Holiday dinner conversations usually center on exciting events over the past year and what people are looking forward to in the coming months. But having everyone together also presents an opportunity to have important conversations with loved ones that are best had in person and with everyone present.
Talking about planning a funeral is never comfortable, but it can be made easier by a table full of food and drinks to celebrate the season and unwind. People are feeling nostalgic, and maybe even sentimental. What comes next may be the most-important conversation you’ve had all year. Because we’ve had thousands of conversations with people like you who are just beginning to plan a funeral for themselves or a loved one, we’ve created some downloadable resources that come in handy as you begin this important chat:
“A 21st Century Guide to Green Burials” – This is a helpful resource for planning a funeral for family members who are passionate about conservation, the environment, and green living.
“Everything You Wanted to Know About THE END But Were Afraid to Ask” -. This guide is perfect for people who have a lot of unanswered questions and want to learn as much as possible.
“Managing Digital Assets Upon Death” – This e-book is great for family members who suddenly find themselves needing to manage the digital footprints of loved one and want guidance.
How to begin the talk
Talking about funeral wishes is not easy, so sometimes people need a little motivation. One thing you can say is, “You can’t have pie until you tell us how you want to die,” says Janice McDermott, director of hospice & palliative care for Home Care, Hospice & Palliative Care Alliance of NH in Concord.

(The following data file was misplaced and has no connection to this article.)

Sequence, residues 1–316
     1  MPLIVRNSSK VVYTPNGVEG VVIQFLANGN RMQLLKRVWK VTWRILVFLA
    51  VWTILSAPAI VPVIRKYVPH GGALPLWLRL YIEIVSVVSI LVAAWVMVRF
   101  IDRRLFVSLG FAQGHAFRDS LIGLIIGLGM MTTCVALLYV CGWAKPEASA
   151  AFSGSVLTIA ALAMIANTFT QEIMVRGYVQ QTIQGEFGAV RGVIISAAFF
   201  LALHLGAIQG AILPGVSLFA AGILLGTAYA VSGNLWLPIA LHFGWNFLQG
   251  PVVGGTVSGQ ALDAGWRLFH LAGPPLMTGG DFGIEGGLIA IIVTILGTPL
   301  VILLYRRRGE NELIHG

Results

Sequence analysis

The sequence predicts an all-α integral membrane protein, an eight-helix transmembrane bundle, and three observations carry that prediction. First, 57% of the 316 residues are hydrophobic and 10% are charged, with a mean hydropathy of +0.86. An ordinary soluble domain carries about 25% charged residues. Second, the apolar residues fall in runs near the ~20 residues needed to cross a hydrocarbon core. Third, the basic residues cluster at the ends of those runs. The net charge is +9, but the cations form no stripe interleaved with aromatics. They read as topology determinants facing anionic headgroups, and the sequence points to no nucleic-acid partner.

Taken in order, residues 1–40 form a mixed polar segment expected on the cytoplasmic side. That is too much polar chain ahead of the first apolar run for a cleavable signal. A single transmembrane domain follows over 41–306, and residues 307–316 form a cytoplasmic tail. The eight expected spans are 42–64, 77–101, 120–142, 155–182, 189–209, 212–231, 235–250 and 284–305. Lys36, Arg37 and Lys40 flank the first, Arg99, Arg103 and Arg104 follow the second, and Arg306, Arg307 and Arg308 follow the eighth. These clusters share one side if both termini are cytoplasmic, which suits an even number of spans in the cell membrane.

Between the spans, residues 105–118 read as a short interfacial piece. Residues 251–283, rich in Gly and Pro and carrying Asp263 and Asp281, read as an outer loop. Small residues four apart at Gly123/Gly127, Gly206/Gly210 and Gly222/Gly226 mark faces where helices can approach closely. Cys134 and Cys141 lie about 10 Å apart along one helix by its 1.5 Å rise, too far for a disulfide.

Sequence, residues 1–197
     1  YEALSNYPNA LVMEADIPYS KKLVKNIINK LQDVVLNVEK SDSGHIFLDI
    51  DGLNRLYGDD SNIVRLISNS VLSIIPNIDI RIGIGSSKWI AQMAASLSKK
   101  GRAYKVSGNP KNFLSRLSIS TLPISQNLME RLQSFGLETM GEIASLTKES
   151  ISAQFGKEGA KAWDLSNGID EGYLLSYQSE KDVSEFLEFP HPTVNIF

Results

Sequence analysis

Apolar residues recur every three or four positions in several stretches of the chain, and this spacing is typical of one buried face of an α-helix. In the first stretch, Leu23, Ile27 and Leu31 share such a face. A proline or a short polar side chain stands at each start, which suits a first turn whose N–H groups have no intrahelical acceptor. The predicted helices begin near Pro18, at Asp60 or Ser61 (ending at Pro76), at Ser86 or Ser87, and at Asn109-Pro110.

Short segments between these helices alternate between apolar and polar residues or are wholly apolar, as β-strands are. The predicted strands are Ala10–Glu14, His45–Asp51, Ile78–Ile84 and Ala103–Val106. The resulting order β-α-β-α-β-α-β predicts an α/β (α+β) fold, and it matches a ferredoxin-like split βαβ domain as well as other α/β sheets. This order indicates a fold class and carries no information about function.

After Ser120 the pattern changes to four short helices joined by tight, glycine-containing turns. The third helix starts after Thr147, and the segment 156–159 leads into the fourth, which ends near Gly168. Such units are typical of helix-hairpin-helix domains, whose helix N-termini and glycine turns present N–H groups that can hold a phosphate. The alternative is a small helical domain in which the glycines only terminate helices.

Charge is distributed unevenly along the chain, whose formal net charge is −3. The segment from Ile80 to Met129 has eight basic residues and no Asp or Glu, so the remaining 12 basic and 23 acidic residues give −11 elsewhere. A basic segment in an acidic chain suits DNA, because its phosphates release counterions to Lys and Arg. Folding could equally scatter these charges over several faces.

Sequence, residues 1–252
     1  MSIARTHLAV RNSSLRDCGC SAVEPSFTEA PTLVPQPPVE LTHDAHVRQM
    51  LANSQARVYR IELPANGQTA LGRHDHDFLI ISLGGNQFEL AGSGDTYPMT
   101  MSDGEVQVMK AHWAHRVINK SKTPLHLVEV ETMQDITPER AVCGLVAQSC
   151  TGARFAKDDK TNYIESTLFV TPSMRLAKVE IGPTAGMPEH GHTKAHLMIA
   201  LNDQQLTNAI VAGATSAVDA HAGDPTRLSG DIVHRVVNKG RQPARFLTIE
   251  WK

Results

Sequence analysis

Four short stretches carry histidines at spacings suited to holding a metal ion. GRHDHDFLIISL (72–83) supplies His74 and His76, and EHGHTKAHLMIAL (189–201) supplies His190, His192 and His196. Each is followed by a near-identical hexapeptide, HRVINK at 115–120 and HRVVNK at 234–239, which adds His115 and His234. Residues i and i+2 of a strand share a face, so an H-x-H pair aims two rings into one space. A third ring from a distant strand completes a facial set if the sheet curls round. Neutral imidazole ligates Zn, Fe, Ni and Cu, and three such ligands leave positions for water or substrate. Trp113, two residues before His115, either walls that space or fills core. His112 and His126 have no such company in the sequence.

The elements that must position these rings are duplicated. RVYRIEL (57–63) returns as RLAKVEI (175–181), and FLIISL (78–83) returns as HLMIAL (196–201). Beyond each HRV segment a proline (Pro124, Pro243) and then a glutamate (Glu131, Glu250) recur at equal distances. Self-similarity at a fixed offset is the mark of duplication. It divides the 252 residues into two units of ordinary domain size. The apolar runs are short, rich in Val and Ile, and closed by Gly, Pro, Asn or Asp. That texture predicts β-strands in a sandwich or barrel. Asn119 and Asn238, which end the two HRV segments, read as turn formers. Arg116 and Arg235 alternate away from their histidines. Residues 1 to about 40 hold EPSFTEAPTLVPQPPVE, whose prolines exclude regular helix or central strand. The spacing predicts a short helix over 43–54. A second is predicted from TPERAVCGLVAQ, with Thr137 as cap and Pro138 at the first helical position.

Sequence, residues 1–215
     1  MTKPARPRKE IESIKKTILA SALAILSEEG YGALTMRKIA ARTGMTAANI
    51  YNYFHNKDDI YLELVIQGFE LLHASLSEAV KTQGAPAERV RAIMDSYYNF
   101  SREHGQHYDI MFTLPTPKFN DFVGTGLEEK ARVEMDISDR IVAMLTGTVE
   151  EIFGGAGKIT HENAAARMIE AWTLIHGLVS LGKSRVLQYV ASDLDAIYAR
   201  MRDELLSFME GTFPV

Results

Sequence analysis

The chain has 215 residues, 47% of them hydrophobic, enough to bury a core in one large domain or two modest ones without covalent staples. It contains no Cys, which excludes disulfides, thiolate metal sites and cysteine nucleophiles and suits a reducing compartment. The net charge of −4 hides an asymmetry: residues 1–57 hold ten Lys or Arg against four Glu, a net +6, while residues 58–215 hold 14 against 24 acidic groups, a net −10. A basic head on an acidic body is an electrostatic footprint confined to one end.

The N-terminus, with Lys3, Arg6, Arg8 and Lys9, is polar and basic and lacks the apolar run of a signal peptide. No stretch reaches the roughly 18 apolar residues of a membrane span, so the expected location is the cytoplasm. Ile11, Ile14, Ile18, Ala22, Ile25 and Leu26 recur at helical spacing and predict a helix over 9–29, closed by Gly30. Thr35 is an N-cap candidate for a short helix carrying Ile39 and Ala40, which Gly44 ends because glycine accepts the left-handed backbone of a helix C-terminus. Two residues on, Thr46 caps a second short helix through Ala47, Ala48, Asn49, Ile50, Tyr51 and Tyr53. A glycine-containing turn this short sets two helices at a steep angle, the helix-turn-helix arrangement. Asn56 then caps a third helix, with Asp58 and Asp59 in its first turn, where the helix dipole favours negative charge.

Janice uses this clever tactic when getting together with her kids and stepchildren each holiday season. They don’t get to have desert until they share their end-of-life wishes and plans, such as advance directives.That means everyone around the holiday dinner table shares their wishes on how they would like “to go.”
Having discussed a loved one wishes with them before they die is emotionally beneficial to those making the final arrangements when the time comes. That said, professional caregivers like Janice understand that getting many people to talk about death is a big challenge.
“I visited a couple in their 90s who lived in Nashua. The husband was dying in the back bedroom. I asked the wife, ‘Have you talked about what he would want for his end-of-life plans?’ ‘No, never,’ was the reply. I thought, ‘Wow,’” Janice said. She asked another woman whose husband was close to dying, Will it be a relief to not see him living like this?” Janice said the woman replied: “As long as he’s breathing, I want him here.”
Can you relate to either of those conversations? For generations, we’ve been taught to fear or avoid death. But why? It may seem morbid to start talking about “the end” at a big holiday dinner, but chances are it will seem more positive after the ice breaks and people share their wishes. For this reason, the death positive movement is gaining traction as more people are opening up to have these conversations.
You don’t have to start with the heavy funeral pre-planning stuff. Make it light and interactive, and ask questions such as:
- What is a life lesson you learned that you think would be helpful to pass on to the younger generations of our family?
- Fill in the blank: I was so proud after I _______ .
- What is the best advice your parents (or grandparents) ever gave you?
- What is the thing you would love people to remember about you ?
This type of talk can become an annual tradition for you and your family. We hope this post provides some food for thought as we gear up for holiday gatherings.